Wednesday, January 6, 2010
Somebody loves us all - yes, it's true
But it is not quiet at all, my husband is chain-sawing branches from his olive trees. He calls it ‘pruning’ although it seems a lot more drastic than that. He pauses at each tree and mutters to himself about which branch is the right one to cut to let in the light, and touches them one by one before deciding. It’s as if he’s asking the tree to dance with him, to lift its arms from its sides and open its tired winter body to the splendid Wairarapa sun.
How supple time is in this place, in this sun. It stretches beside me like a yawning cat. I am writing every day – my children’s novel, which delights me, and my bereft Precarious when I can – and I am reading whatever my hand falls upon, and can be easily propped open on my chest in a hammock.
King of the hammock so far is the deliciously joyful, perceptive and funny Somebody Loves Us All by Damien Wilkins. This is a tour de force by the Wellington author written while basking in the Menton sun as last year’s Katherine Mansfield fellow. His joy at having time to write and being somewhere else is evident in this book. But like most ‘exiled’ writers, his mind fell back to where he came from and Somebody Loves Us All is set slap bang in apartment-living central Wellington with segues into Lower Hutt and Petone, and a trip through the Desert Road.
It’s about Paddy who’s 50 and a speech therapist with a regular newspaper column and one recalcitrant patient - Sam who refuses, for some reason, to speak. Paddy's also happily married and the proud new owner of a bicycle. Enter his ageing mother, who moves in next door and starts – with no knowledge of the language – speaking French.
As usual, Wilkins skewers the social stuff – the ways people are when they graze and grapple with each other, especially families. He always gets the mix of wonder and disgust, vulnerability and bullying, knowing and surprise, humour and sadness, vanity and self-loathing that characterise our relationships, but in his latest novel there is more wonder and humour, more surprise and vulnerability. This time, Wilkins nails the emotional stuff, and his novel is more expansive and more satisfying as a result. Definitely up at the top of my 'best of' list for the year.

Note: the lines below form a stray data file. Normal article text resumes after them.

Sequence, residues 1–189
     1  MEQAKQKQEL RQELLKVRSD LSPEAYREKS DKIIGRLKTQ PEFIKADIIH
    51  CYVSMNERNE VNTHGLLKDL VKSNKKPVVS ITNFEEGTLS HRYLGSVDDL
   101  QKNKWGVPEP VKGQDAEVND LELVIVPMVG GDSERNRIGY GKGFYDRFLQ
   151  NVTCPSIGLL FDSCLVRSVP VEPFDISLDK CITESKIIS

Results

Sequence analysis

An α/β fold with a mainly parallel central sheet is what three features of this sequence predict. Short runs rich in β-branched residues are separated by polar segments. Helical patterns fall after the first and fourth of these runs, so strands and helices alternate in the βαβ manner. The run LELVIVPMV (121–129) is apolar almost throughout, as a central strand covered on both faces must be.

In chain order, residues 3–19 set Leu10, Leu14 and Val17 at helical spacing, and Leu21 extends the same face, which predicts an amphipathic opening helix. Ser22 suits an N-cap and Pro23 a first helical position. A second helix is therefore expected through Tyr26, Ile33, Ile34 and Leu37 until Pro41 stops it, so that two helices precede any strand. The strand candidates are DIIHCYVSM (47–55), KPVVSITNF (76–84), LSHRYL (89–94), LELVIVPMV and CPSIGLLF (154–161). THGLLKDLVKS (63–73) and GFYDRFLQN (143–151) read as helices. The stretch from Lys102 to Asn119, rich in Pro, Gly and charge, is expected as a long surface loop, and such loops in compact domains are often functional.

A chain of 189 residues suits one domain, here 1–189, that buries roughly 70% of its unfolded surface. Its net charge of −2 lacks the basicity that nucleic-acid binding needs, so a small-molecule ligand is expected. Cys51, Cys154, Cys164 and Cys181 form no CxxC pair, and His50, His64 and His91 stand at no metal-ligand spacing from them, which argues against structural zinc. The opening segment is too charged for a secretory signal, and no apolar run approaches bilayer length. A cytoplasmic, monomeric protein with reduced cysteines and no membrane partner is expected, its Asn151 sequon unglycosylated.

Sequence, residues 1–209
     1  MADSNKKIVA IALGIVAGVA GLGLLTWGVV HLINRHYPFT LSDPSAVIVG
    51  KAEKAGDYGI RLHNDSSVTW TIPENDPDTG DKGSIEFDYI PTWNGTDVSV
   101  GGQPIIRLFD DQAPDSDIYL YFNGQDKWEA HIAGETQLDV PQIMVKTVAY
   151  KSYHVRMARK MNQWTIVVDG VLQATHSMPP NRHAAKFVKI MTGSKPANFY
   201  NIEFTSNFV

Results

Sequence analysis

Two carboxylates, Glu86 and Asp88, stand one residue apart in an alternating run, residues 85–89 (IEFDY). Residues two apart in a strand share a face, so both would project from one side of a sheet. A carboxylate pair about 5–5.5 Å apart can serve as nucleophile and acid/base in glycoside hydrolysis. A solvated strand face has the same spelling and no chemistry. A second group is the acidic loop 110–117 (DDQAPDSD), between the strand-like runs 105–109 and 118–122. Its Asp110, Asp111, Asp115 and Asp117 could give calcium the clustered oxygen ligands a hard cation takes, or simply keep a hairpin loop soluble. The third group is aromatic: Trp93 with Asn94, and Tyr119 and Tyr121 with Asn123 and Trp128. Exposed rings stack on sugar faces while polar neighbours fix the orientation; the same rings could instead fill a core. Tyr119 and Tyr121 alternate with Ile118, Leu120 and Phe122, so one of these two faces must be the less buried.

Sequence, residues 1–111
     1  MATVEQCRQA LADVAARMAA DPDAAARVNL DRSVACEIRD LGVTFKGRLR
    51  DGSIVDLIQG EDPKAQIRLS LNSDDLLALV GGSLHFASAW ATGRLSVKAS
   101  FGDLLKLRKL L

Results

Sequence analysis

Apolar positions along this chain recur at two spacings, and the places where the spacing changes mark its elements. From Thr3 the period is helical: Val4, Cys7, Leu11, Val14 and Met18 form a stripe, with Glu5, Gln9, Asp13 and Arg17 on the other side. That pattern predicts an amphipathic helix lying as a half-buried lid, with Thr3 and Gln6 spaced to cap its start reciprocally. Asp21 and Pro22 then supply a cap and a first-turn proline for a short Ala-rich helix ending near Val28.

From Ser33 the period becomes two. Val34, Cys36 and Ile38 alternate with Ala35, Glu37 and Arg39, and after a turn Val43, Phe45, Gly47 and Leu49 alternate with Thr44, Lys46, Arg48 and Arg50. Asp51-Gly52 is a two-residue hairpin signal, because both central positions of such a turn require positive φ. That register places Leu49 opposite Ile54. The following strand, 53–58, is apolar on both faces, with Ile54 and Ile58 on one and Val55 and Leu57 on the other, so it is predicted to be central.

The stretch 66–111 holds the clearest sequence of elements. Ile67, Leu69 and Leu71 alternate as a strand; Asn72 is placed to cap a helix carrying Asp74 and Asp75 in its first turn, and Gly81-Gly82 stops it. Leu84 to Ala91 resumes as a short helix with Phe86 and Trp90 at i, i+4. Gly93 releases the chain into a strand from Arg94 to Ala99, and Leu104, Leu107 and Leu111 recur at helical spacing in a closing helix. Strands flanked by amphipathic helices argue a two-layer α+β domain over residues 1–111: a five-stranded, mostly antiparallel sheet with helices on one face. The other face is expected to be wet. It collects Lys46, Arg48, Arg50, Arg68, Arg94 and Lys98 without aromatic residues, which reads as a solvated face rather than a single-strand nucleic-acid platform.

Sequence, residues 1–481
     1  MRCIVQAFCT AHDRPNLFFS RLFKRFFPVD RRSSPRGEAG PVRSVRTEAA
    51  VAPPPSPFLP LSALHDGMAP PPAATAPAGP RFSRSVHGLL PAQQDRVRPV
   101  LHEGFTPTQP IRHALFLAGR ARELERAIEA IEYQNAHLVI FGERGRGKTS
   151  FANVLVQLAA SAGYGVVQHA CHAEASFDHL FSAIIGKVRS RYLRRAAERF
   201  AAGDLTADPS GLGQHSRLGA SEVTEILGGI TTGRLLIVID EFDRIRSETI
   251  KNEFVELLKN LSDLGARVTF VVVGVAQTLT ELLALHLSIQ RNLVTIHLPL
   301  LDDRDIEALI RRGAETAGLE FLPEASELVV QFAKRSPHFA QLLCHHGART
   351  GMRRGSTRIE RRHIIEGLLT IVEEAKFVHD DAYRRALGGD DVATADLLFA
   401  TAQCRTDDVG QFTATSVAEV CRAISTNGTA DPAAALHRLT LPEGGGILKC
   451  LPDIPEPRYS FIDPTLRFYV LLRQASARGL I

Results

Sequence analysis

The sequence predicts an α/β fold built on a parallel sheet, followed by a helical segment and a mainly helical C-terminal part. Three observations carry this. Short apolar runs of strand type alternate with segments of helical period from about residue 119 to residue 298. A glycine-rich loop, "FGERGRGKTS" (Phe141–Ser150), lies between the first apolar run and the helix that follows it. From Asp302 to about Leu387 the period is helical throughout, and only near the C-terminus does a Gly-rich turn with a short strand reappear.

What I treasure most of all reading Somebody Loves Us All are those laugh-out-loud moments - oh don’t we need those in a book! doesn’t comedy trump tragedy every time? These hover especially around the relationship Paddy has with his old mate, Lant, who is divorced and single and a demon on a bike. Their competitive cycling relationship made me howl – the question of who has the most sophisticated cycling gear and who can make it up the Hataitai hill first without being killed. Fabulous.
And then there's the mother. Her story is on the other end of the scale. Deeply and marvellously moving. The ending a triumph.